# Solution manual heat and mass transfer a practical approach 2nd edition cengel ch 8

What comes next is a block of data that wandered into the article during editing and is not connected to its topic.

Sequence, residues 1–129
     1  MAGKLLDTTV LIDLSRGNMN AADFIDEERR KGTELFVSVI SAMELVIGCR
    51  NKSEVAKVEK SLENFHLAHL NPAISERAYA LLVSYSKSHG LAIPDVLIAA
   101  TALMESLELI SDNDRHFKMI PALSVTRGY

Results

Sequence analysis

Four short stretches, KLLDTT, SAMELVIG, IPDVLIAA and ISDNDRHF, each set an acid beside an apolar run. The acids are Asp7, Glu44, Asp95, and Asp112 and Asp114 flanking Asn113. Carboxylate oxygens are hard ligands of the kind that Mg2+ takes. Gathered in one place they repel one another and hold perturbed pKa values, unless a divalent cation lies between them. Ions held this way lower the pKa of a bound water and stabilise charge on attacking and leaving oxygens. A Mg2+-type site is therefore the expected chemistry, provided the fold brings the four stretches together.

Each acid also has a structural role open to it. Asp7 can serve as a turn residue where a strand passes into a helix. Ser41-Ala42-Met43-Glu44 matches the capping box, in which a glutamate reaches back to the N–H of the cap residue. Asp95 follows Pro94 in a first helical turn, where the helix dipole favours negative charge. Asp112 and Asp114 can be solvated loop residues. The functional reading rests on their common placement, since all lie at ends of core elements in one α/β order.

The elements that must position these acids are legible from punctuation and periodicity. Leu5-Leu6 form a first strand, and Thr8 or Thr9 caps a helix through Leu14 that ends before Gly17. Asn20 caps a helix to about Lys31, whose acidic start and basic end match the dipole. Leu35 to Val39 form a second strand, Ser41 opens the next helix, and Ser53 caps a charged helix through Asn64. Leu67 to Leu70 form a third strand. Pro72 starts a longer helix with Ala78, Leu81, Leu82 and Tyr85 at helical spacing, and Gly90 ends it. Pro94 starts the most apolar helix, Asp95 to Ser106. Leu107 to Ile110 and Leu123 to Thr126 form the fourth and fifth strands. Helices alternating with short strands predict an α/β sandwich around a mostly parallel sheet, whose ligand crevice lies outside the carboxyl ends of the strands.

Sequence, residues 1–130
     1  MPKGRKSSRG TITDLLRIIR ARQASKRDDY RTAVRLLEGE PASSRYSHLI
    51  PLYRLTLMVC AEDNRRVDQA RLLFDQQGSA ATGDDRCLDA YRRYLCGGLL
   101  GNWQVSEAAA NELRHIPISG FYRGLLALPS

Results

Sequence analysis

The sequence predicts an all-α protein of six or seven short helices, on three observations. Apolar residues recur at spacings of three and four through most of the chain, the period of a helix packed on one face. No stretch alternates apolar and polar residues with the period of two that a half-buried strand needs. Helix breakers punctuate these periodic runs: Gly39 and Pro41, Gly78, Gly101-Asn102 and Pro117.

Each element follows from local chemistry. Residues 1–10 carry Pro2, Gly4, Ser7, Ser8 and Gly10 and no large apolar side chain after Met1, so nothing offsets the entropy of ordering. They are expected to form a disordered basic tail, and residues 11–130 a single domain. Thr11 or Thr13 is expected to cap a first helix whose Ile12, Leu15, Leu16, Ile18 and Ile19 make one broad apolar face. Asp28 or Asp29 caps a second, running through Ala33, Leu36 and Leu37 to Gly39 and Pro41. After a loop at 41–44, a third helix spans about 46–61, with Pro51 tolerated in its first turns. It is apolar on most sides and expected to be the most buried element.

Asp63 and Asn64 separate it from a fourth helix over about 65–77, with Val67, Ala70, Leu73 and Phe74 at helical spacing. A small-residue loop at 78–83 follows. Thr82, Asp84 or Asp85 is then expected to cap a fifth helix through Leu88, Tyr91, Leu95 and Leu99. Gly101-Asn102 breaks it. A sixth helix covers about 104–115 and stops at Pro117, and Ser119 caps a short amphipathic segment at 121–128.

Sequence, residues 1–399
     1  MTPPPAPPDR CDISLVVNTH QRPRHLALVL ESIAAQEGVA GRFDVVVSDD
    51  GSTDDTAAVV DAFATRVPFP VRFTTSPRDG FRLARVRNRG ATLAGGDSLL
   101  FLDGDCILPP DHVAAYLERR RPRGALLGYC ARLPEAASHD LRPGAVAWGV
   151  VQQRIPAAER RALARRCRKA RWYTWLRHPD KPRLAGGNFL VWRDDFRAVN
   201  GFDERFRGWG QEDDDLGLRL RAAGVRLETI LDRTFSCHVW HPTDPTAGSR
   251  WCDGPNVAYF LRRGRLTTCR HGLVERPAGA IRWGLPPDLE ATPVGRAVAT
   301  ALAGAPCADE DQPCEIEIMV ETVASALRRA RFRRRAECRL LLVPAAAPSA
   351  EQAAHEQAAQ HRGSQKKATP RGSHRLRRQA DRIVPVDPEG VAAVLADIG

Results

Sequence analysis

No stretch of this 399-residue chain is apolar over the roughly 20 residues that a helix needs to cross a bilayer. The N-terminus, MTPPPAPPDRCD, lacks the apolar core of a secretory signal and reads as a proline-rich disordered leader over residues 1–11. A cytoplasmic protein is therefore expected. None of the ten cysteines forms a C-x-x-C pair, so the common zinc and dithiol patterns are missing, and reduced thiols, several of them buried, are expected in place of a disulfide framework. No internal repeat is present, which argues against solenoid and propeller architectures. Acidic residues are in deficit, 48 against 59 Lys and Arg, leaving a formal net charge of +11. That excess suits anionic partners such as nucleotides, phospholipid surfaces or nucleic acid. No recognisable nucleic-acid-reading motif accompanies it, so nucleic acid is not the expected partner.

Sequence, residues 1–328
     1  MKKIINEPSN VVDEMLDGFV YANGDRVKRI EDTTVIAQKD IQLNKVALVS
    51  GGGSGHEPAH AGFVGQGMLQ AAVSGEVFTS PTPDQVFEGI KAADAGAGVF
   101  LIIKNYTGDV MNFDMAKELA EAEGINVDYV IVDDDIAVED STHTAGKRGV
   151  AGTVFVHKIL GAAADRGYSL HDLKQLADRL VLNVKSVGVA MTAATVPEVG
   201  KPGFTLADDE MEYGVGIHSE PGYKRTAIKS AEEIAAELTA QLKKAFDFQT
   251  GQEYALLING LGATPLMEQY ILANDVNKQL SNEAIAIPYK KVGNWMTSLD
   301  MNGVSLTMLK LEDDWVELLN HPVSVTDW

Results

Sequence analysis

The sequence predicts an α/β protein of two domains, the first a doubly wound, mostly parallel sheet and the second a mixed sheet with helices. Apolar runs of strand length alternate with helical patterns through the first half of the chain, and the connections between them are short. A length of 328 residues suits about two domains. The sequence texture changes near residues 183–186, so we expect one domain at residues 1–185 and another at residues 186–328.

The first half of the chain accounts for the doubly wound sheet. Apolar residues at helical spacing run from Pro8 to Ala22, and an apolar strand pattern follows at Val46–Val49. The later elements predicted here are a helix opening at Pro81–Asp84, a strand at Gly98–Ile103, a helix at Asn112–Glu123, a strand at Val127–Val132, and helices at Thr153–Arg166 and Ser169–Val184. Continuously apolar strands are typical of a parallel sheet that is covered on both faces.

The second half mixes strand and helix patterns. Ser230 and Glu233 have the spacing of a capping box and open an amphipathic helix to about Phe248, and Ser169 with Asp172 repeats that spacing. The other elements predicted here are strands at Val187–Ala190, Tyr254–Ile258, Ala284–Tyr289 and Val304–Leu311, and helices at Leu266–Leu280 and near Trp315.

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Chapter Internal Forced Convection Chapter INTERNAL FORCED CONVECTION General Flow Analysis 8-1C Liquids are usually transported in circular pipes because pipes with a circular cross-section can withstand large pressure differences between the inside and the outside without undergoing any distortion 8-2C Reynolds number for flow in a circular tube of diameter D is expressed as V D μ 4m& m& m& where V∞ = = = and υ = Re = m 2 υ ρAc ρ (πD / 4) ρπD ρ Substituting, Re = Vm D υ m, Vm 4m& D 4m& = = ρπD ( μ / ρ ) πDμ 8-3C Engine oil requires a larger pump because of its much larger density 8-4C The generally accepted value of the Reynolds number above which the flow in a smooth pipe is turbulent is 4000 8-5C For flow through non-circular tubes, the Reynolds number as well as the Nusselt number and the friction factor are based on the hydraulic diameter Dh defined as Dh = Ac where Ac is the crossp sectional area of the tube and p is its perimeter The hydraulic diameter is defined such that it reduces to ordinary diameter D for circular tubes since Dh = Ac 4πD / = =D p πD 8-6C The region from the tube inlet to the point at which the boundary layer merges at the centerline is called the hydrodynamic entry region, and the length of this region is called hydrodynamic entry length The entry length is much longer in laminar flow than it is in turbulent flow But at very low Reynolds numbers, Lh is very small (Lh = 1.2D at Re = 20) 8-7C The friction factor is highest at the tube inlet where the thickness of the boundary layer is zero, and decreases gradually to the fully developed value The same is true for turbulent flow 8-8C In turbulent flow, the tubes with rough surfaces have much higher friction factors than the tubes with smooth surfaces In the case of laminar flow, the effect of surface roughness on the friction factor is negligible 8-9C The friction factor f remains constant along the flow direction in the fully developed region in both laminar and turbulent flow 8-10C The fluid viscosity is responsible for the development of the velocity boundary layer For the idealized inviscid fluids (fluids with zero viscosity), there will be no velocity boundary layer 8-11C The number of transfer units NTU is a measure of the heat transfer area and effectiveness of a heat transfer system A small value of NTU (NTU < 5) indicates more opportunities for heat transfer whereas a large NTU value (NTU >5) indicates that heat transfer will not increase no matter how much we extend the length of the tube 8-12C The logarithmic mean temperature difference ΔTln is an exact representation of the average temperature difference between the fluid and the surface for the entire tube It truly reflects the exponential 8-1 Chapter Internal Forced Convection decay of the local temperature difference The error in using the arithmetic mean temperature increases to undesirable levels when ΔTe differs from ΔTi by great amounts Therefore we should always use the logarithmic mean temperature 8-13C The region of flow over which the thermal boundary layer develops and reaches the tube center is called the thermal entry region, and the length of this region is called the thermal entry length The region in which the flow is both hydrodynamically (the velocity profile is fully developed and remains unchanged) and thermally (the dimensionless temperature profile remains unchanged) developed is called the fully developed region 8-14C The heat flux will be higher near the inlet because the heat transfer coefficient is highest at the tube inlet where the thickness of thermal boundary layer is zero, and decreases gradually to the fully developed value 8-15C The heat flux will be higher near the inlet because the heat transfer coefficient is highest at the tube inlet where the thickness of thermal boundary layer is zero, and decreases gradually to the fully developed value 8-16C In the fully developed region of flow in a circular tube, the velocity profile will not change in the flow direction but the temperature profile may 8-17C The hydrodynamic and thermal entry lengths are given as Lh = 0.05 Re D and Lt = 0.05 Re Pr D for laminar flow, and Lh ≈ Lt ≈ 10D in turbulent flow Noting that Pr >> for oils, the thermal entry length is larger than the hydrodynamic entry length in laminar flow In turbulent, the hydrodynamic and thermal entry lengths are independent of Re or Pr numbers, and are comparable in magnitude 8-18C The hydrodynamic and thermal entry lengths are given as Lh = 0.05 Re D and Lt = 0.05 Re Pr D for laminar flow, and Lh ≈ Lt ≈ 10 Re in turbulent flow Noting that Pr
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